Starting a new life and moving in with your significant other is a time of huge excitement. You are embarking on a new journey together, taking your relationship to the next level, and further entwining your lives in a deeper, more meaningful way.
However, it also brings enormous challenges. The practicality alone of one, or both, or you moving is a challenge. Then, once you are moved in, you have a slew of difficult decisions to make. What décor do you both want? Who gets what wardrobe and closet space? Will you get your home furniture on rent or will you buy from new?
One, or both parties may have furniture from their previous living arrangements that they are able to bring to the new property. However, in cases where there are items that need to be procured, or a whole property to be furnished, you have a decision to make as a couple.
You could buy the furniture new. This is often costly, but if you have some money squirreled away it may be worth forking out. You could acquire used furniture. However, there is not guarantee second hand furniture will be of sufficient quality. It may also have a reduced lifespan, depending on how well it was looked after.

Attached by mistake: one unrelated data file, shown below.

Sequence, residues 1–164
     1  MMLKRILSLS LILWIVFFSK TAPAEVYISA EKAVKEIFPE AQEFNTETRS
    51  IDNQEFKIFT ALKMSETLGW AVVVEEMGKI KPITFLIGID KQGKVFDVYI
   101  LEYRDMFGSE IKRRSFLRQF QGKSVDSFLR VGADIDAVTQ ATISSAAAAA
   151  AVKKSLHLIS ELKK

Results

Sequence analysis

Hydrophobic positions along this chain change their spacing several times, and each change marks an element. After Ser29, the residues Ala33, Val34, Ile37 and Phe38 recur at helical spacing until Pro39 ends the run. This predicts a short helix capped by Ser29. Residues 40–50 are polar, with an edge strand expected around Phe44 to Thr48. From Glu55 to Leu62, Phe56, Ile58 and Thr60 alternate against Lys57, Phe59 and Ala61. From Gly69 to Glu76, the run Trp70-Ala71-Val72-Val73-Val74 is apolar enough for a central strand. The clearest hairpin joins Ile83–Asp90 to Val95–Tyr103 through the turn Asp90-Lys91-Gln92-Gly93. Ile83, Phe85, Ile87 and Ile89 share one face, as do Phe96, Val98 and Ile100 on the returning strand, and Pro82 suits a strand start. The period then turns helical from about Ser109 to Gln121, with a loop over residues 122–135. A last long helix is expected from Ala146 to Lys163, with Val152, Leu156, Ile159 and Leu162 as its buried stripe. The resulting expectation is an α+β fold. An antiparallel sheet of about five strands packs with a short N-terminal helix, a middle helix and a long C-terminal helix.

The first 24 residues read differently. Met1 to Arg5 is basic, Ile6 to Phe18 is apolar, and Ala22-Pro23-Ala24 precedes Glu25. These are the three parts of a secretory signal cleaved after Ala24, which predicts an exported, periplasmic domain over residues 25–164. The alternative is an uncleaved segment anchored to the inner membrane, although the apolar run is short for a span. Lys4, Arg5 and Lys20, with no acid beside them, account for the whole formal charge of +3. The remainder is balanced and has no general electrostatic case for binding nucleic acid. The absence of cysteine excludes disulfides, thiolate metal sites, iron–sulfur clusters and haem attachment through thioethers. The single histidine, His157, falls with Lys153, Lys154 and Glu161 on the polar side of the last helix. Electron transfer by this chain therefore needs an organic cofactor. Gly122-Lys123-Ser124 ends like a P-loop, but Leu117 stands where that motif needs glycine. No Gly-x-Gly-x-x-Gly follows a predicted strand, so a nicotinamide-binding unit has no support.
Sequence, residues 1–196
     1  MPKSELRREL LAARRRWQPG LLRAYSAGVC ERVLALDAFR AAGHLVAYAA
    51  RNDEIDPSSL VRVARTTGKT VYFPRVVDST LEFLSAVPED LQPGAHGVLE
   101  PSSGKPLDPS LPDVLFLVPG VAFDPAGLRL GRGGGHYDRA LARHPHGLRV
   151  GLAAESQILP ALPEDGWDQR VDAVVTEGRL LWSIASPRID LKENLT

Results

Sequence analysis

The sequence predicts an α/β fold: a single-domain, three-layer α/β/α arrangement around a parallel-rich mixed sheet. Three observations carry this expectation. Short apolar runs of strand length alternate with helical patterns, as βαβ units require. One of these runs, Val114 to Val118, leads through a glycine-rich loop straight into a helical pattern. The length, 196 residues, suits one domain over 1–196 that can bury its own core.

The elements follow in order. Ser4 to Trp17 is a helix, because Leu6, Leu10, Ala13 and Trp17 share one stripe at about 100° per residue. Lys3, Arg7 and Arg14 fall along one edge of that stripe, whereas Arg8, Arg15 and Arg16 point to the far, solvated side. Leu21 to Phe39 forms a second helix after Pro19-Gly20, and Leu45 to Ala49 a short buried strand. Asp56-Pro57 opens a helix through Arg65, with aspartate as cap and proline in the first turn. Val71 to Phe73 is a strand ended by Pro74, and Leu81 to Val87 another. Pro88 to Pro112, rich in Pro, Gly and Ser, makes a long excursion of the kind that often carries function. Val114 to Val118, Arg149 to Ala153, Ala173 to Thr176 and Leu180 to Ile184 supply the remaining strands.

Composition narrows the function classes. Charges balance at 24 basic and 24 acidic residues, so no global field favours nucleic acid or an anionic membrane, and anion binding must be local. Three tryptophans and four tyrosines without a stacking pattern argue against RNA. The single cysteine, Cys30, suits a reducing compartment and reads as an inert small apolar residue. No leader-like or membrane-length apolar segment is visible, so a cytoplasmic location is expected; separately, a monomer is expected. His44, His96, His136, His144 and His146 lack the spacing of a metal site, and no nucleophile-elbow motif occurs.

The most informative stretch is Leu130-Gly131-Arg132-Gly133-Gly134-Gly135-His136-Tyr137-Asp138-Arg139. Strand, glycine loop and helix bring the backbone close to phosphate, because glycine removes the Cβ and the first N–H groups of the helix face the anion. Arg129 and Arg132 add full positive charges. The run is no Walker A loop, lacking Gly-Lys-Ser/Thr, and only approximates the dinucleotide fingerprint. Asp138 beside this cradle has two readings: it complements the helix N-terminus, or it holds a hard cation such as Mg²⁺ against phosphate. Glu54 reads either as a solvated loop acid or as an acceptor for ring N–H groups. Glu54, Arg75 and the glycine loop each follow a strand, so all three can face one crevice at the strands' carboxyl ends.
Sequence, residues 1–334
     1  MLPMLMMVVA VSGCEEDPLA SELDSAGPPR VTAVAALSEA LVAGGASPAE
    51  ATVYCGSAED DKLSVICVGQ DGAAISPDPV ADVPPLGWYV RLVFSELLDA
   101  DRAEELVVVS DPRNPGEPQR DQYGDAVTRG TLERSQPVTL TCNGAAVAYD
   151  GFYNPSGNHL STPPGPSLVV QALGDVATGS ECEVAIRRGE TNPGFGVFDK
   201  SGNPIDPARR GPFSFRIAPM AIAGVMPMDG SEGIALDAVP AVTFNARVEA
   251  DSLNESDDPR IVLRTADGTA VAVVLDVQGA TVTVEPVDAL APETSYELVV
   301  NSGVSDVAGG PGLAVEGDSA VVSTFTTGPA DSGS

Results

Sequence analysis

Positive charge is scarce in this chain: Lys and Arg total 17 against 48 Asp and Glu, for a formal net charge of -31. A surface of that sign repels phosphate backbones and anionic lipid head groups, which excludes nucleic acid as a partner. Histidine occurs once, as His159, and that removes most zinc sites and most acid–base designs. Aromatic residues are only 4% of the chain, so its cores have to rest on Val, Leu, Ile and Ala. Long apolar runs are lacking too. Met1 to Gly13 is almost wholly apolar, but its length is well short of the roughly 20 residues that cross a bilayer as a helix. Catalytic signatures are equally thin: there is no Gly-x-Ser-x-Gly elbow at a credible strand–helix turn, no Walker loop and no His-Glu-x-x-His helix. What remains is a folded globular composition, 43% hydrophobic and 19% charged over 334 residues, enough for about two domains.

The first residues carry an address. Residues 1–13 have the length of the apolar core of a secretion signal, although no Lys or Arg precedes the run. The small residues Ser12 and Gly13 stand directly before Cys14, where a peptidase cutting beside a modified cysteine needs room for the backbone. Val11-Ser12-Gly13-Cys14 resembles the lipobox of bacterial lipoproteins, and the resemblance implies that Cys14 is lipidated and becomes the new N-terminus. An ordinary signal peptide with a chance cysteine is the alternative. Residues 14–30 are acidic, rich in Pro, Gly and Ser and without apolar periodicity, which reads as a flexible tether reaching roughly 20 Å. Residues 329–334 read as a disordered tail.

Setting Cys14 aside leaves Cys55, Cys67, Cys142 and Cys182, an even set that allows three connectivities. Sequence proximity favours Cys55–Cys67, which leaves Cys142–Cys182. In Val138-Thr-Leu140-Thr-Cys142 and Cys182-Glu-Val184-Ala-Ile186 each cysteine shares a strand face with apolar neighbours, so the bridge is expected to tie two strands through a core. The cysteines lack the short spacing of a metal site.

Young Indians are frequently turning to rental options to meet their furniture needs. It is cheaper than buying new, and you can guarantee you get high-quality pieces. Often young couples will rent until they have saved up the money to purchase new furniture for the property. Couples can rent air conditioners, beds, sofas and even vehicles, providing excellent cost-effective short-term solutions until they can get the money together to buy from new.
Defining Personal Space
Even though you both will now share a living space, there are still areas of personal space that need defining. These include what side of the bed each person will sleep on, the allocation of closet space, and any personal style and décor preferences. All of these decisions should be made together, with both parties having their opinions heard and getting a say in the outcome.
Household Chores and Cleanliness
55% of newly cohabiting couples cited household chores and cleanliness as the biggest source of tension and friction in the relationship. When two people move in together, whether they are housemates, flatmates, friends, or in a stable relationship, there needs to be some division of the household chores.
No one person wants to feel like they are doing too much, and the other person isn’t doing enough. Setting realistic expectations about what each of you expects from the other is a good place to start. You should also both be clear from the outset that you want the other to communicate if they are not feeling valued and they want the other to step up and take more responsibilities. Both of you may have different priorities and expectations when it comes to cleanliness. If the other person doesn’t know your expectations, then how can they be expected to pull their weight?
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